The scandal of wasted research dollars

Twenty years ago, a British statistician complained in the BMJ that much medical research was “seriously flawed through the use of inappropriate designs, unrepresentative samples, small samples, incorrect methods of analysis, and faulty interpretation.” 

Today, says the BMJ’s former editor, the influential writer Richard Smith, the only word to be changed in that diagnosis is probably “much”. It should now be “most”. And he complains that the leaders of the medical profession are not interested in changing the situation.

Dr Smith is not the only one to ring warning bells about the quality of the enormous quantity of medical research. The acclaimed statistician John Ioannidis* has estimated that only 1% (1%) of thousands of studies which assert that there is a correlation between a particular gene and a medical condition are correct. Why? Ioannides says candidly, ““Most scientific studies are wrong, and they are wrong because scientists are interested in funding and careers rather than truth.”

Dr Smith lists five reasons for the enormous waste: research fails to answer questions that matter; studies are too small or never replicated; the research is not well managed; much research is never published; and much published research is “biased and unusable”.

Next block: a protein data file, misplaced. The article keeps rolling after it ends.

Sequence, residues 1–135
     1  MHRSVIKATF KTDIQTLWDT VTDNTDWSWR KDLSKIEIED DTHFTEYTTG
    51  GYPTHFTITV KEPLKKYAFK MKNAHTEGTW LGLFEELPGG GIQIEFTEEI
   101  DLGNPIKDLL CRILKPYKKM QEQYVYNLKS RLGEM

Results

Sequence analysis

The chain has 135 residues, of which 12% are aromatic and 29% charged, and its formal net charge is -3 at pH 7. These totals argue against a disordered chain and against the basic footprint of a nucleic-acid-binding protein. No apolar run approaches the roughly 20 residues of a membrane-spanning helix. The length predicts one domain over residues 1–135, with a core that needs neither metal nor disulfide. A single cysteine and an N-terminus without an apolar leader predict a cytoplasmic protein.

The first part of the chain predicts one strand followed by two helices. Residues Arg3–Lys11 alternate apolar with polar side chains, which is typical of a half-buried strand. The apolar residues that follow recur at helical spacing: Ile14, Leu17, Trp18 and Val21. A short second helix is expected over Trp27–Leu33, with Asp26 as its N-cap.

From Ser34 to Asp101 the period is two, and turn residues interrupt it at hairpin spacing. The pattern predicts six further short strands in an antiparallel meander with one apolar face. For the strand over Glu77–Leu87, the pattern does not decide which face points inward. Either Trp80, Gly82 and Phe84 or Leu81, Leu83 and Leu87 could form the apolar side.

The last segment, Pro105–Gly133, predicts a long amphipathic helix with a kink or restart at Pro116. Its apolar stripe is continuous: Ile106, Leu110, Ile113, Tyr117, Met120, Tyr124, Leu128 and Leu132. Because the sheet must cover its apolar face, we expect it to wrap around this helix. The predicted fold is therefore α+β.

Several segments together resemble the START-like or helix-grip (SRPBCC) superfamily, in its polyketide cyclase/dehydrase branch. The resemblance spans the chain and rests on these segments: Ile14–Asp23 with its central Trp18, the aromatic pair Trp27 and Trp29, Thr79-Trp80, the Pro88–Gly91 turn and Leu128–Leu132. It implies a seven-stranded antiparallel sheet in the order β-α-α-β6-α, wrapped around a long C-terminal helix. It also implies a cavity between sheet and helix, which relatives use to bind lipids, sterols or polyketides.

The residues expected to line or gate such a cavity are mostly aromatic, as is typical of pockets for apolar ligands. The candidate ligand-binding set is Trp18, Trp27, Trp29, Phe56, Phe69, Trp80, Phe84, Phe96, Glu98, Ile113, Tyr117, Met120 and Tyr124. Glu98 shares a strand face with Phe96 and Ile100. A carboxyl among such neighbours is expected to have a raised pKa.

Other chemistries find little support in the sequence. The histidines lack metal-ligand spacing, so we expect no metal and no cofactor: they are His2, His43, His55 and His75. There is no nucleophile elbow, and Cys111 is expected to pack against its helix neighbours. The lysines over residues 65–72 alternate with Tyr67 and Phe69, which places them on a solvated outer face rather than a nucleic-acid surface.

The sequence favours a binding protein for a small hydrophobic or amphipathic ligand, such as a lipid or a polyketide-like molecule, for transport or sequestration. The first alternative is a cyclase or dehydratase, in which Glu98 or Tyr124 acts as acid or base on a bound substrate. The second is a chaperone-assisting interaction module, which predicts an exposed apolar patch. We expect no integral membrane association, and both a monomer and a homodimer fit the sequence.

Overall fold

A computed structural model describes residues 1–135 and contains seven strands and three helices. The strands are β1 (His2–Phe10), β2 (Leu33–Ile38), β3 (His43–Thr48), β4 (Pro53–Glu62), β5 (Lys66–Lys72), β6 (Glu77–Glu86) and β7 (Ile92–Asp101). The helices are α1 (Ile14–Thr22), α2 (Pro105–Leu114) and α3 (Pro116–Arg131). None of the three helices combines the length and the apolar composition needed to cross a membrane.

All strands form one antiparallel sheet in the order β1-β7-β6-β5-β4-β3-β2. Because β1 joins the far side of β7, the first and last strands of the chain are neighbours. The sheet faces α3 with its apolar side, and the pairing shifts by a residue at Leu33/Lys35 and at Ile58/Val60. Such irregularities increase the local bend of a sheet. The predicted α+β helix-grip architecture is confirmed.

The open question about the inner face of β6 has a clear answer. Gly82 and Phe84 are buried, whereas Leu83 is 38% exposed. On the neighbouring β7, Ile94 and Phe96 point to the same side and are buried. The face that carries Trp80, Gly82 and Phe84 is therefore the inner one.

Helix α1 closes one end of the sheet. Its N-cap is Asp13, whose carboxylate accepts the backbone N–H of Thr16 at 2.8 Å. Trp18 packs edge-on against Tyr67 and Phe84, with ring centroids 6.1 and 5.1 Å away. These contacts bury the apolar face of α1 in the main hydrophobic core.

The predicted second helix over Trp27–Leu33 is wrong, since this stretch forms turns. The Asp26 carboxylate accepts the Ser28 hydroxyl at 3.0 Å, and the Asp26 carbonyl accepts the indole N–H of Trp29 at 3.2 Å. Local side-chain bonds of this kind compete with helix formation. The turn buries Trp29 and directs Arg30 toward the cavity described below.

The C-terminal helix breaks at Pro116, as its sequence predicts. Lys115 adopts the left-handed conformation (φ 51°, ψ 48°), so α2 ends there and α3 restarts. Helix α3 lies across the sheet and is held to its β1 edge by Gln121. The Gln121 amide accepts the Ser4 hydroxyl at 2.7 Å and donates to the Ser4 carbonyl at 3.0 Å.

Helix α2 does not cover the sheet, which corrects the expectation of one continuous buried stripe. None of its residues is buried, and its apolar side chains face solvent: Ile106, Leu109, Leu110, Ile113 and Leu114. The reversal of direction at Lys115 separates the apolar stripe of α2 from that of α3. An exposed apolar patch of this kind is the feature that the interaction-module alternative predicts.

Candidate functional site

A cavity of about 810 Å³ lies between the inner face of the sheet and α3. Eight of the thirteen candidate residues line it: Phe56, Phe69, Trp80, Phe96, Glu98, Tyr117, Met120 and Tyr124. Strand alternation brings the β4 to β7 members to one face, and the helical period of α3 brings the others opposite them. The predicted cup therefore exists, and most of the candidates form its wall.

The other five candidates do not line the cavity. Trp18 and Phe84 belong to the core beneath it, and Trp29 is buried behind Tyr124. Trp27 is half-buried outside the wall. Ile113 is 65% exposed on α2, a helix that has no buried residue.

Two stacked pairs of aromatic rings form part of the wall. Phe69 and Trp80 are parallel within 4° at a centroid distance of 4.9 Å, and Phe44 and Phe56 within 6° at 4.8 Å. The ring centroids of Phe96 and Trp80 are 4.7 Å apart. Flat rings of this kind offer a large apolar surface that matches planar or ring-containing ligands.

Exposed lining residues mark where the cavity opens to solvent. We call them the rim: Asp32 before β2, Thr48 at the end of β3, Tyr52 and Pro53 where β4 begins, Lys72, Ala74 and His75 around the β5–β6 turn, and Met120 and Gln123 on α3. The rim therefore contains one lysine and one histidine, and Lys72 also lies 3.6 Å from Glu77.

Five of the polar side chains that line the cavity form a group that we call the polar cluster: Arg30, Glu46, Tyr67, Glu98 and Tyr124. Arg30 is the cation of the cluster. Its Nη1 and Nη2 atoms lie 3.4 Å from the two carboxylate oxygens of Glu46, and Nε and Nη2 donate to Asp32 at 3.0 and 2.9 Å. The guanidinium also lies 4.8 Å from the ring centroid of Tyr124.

Striking the same note, a special feature in The Lancet on wasted effort in medical research last month complained that the vast majority of promising finding never make their way into clinical practice. A 2009 article estimated that 85% of all biomedical research investment, ie, about US$210 billion in 2010, is wasted.

And in one stinging paragraph, the authors accuse scientists themselves, not just the economic and administrative systems in which they work, of responsibility for this failure:

Science is not done by paragons of virtue, but by individuals who are as prone to self-interest as anyone else. They can compromise their usually high standards of rigour when involved in commercial or otherwise conflicted relationships. When resources are scarce and competition is fierce they might seek the easiest and quickest—rather than the best—ways forward. They could judge that they would rather be first than be right. When their research hunch turns out to be wrong, many researchers move to the next one rather than going through the painstaking business of reporting negative findings. Finally, they could prefer research that they find interesting rather than research that addresses issues of importance to the users of research. These behaviours are compounded by the complacency and poor craftsmanship of some scientists. 

* Apologies. This name was misspelled in the original text.

This article is published by Michael Cook and BioEdge.org under a Creative Commons licence. You may republish it or translate it free of charge with attribution for non-commercial purposes following these guidelines. If you teach at a university we ask that your department make a donation. Commercial media must contact us for permission and fees. Some articles on this site are published under different terms.

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